Mohammed bin Salman tells the Guardian that ultra-conservative state has been ‘not normal’ for past 30 years
Saudi Arabia’s crown prince, Mohammed bin Salman, has vowed to return the country to “moderate Islam” and asked for global support to transform the hardline kingdom into an open society that empowers citizens and lures investors.
In an interview with the Guardian, the powerful heir to the Saudi throne said the ultra-conservative state had been “not normal” for the past 30 years, blaming rigid doctrines that have governed society in a reaction to the Iranian revolution, which successive leaders “didn’t know how to deal with”.
Expanding on comments he made at an investment conference at which he announced the launch of an ambitious $500bn (£381bn) independent economic zone straddling Saudi Arabia, Jordan and Egypt, Prince Mohammed said: “We are a G20 country. One of the biggest world economies. We’re in the middle of three continents. Changing Saudi Arabia for the better means helping the region and changing the world. So this is what we are trying to do here. And we hope we get support from everyone.
“What happened in the last 30 years is not Saudi Arabia. What happened in the region in the last 30 years is not the Middle East. After the Iranian revolution in 1979, people wanted to copy this model in different countries, one of them is Saudi Arabia. We didn’t know how to deal with it. And the problem spread all over the world. Now is the time to get rid of it.”
Earlier Prince Mohammed had said: “We are simply reverting to what we followed – a moderate Islam open to the world and all religions. 70% of the Saudis are younger than 30, honestly we won’t waste 30 years of our life combating extremist thoughts, we will destroy them now and immediately.”
The crown prince’s comments are the most emphatic he has made during a six-month reform programme that has tabled cultural reforms and economic incentives unimaginable during recent decades, during which the kingdom has been accused of promoting a brand of Islam that underwrote extremism.
The comments were made as the heir of the incumbent monarch moves to consolidate his authority, sidelining clerics whom he believes have failed to support him and demanding unquestioning loyalty from senior officials whom he has entrusted to drive a 15-year reform programme that aims to overhaul most aspects of life in Saudi Arabia.
Central to the reforms has been the breaking of an alliance between hardline clerics who have long defined the national character and the House of Saud, which has run affairs of state. The changes have tackled head-on societal taboos such as the recently rescinded ban on women driving, as well as scaling back guardianship laws that restrict women’s roles and establishing an Islamic centre tasked with certifying the sayings of the prophet Muhammed.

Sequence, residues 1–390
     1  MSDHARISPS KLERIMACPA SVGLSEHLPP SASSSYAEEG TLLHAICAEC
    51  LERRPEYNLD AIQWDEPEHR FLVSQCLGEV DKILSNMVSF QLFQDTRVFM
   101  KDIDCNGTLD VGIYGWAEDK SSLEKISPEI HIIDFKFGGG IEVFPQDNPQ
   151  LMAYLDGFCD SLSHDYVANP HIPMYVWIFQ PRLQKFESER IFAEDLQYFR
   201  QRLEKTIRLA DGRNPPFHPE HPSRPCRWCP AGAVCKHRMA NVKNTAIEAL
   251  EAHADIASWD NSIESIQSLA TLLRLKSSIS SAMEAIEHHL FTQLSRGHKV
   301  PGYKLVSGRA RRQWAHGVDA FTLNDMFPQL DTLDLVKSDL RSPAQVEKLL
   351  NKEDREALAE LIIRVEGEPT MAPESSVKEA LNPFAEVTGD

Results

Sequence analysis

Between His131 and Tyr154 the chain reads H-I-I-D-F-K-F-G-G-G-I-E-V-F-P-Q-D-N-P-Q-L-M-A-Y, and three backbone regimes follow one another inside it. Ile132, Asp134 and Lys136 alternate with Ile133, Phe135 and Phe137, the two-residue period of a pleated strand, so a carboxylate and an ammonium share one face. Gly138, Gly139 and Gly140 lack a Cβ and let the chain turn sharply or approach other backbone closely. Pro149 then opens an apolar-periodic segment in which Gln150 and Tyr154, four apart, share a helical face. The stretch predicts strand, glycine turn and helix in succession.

The scale and scope of the reforms has been unprecedented in the country’s modern history and concerns remain that a deeply conservative base will oppose what is effectively a cultural revolution – and that the kingdom lacks the capacity to follow through on its economic ambitions.
The new economic zone is to be established on 470km of the Red Sea coast, in a tourist area that has already been earmarked as a liberal hub akin to Dubai, where male and female bathers are free to mingle.
It has been unveiled as the centrepiece of efforts to turn the kingdom away from a near total dependence on oil and into a diverse open economy. Obstacles remain: an entrenched poor work ethic, a crippling regulatory environment and a general reluctance to change.
“Economic transformation is important but equally essential is social transformation,” said one of the country’s leading businessmen. “You cannot achieve one without the other. The speed of social transformation is key. It has to be manageable.”
Alcohol, cinemas and theatres are still banned in the kingdom and mingling between unrelated men and women remains frowned upon. However Saudi Arabia – an absolute monarchy – has clipped the wings of the once-feared religious police, who no longer have powers to arrest and are seen to be falling in line with the new regime.
Economically Saudi Arabia will need huge resources if it is to succeed in putting its economy on a new footing and its leadership believes it will fail to generate strategic investments if it does not also table broad social reforms.
Prince Mohammed had repeatedly insisted that without establishing a new social contract between citizen and state, economic rehabilitation would fail. “This is about giving kids a social life,” said a senior Saudi royal figure. “Entertainment needs to be an option for them. They are bored and resentful. A woman needs to be able to drive herself to work. Without that we are all doomed. Everyone knows that – except the people in small towns. But they will learn.”
In the next 10 years, at least five million Saudis are likely to enter the country’s workforce, posing a huge problem for officials who currently do not have jobs to offer them or tangible plans to generate employment.
The economic zone is due to be completed by 2025 – five years before the current cap on the reform programme – and is to be powered by wind and solar energy, according to its founders.
The country’s enormous sovereign wealth fund is intended to be a key backer of the independent zone. It currently has $230bn under management. The sale of 5% of the world’s largest company, Aramco, is expected to raise several hundred billion dollars more.